The majority of hospitals in England will run out of intensive care beds within two weeks if the current growth of COVID-19 infections continues at its current rate, according to a research team at the University of Cambridge.
Intensive care unit (ICU) occupancy is likely to increase “dramatically” over the next few weeks as the pandemic spreads – and the new study from the Cambridge researchers has now shown that within two weeks, five out of seven commissioning regions in England will have more critically ill COVID-19 patients than can be accommodated with ICU beds normally available.
The number of confirmed global COVID-19 cases stands at almost 400,000, with more than 17,000 confirmed deaths, many of them as a result of severe lung inflammation.
The mechanical ventilation procedures used to deal with that inflammation can only be provided on an ICU and it is estimated that the average length of time needed for that to be successful is eight days.
Dr Ari Ercole, from the Division of Anaesthesia at the University of Cambridge, said: “If mechanical ventilation cannot be provided to patients who need it, they will die. ICU capacity is a crucial concern as additional capacity takes time to create both in terms of staffing and equipment.”
As a result of the ongoing rise in COVID-19 patients, there is a massive shortage in equipment and staff and hospitals – which will still have to deal with the usual volumes on non-COVID-19 patients requiring ICU care – and they could be overwhelmed within two weeks, the researchers said.
A massive national effort is underway to recruit more clinical staff and capacity and it has seen more than 11,500 retired medics respond to a call to return to the NHS during the crisis. More than 18,000 medical students will also join the NHS workforce.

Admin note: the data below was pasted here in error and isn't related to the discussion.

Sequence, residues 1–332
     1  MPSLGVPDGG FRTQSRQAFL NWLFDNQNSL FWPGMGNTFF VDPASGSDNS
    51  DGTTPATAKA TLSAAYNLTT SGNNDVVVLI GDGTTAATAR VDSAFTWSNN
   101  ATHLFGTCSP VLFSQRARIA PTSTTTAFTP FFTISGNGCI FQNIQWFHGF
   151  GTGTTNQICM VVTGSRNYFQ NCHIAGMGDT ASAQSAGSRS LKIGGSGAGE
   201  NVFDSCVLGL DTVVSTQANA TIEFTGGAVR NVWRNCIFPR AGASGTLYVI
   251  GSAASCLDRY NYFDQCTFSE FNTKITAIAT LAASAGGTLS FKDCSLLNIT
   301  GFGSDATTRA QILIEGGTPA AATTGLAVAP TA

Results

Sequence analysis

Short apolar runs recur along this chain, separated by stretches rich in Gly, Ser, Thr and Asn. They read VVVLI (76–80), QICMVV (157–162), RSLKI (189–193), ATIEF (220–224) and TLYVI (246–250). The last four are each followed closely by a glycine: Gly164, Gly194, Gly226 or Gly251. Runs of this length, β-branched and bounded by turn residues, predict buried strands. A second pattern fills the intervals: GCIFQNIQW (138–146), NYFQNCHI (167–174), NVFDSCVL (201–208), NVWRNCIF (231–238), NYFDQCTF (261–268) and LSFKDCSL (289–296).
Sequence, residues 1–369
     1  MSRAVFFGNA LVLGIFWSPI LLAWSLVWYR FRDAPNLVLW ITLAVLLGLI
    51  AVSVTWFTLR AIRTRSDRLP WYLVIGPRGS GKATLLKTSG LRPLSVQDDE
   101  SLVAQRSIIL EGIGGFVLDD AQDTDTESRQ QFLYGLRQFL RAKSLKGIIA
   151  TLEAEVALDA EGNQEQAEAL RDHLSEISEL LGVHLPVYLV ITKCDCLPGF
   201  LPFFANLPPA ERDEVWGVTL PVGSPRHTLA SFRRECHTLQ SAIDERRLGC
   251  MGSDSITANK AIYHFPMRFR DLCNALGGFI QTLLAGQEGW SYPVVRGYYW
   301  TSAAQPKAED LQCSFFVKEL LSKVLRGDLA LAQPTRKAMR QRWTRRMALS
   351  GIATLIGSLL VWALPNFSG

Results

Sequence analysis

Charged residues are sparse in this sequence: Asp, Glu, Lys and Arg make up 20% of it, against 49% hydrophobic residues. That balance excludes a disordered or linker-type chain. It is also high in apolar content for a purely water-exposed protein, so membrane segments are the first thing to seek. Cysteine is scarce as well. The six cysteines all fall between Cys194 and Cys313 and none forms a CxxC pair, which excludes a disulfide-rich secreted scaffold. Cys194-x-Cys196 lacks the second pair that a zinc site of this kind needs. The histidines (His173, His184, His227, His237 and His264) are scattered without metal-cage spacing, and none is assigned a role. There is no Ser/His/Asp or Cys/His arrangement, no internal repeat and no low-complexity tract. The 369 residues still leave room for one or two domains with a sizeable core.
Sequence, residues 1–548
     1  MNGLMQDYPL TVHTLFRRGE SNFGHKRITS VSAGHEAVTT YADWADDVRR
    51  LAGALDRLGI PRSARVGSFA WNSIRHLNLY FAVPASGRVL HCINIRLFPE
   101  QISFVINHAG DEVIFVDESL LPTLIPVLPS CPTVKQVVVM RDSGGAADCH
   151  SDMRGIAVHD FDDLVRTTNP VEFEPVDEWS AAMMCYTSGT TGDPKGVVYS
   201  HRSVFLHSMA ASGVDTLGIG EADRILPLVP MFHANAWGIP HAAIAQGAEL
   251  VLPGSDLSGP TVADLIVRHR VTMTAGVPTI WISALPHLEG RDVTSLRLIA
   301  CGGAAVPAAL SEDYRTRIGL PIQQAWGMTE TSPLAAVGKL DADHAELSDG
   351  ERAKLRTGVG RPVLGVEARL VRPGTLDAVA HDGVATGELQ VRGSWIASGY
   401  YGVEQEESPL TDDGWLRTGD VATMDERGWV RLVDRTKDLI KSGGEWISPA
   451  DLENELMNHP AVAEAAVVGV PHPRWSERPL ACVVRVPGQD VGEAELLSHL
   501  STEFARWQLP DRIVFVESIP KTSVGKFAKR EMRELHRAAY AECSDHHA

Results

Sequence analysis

Additional efforts are being to made to acquire ICU equipment, especially ventilation machines, while the nation’s private hospital sector has committed almost its entire capacity for NHS use – at cost, not profit – to deal with COVID-19.
It was confirmed today that a 4,000-bed ‘makeshift’ hospital is also being set up at the ExCel conference and events centre in East London to deal with the unprecedented pressures on the health service.
Dr Ercole, who is also a Fellow in Clinical Medicine at Magdelen College, Cambridge, said: “If our assumptions are correct, ICU capacity may be complete overwhelmed very quickly in England.
“A large increase in ICU capacity is required extremely urgently if we are to be able to treat patients with life-threatening COVID-19 in the near future.”
The forecast was made using a real-time computer model developed by Dr Ercole and colleagues from Cambridge’s Division of Anaesthesia and Department of Computer Science and Technology, using COVID-19 diagnosis data as reported by Public Health England and matched to NHS commissioning regions.
The research has not been peer-reviewed, but the findings have been made available online early due to the urgency of the COVID-19 crisis.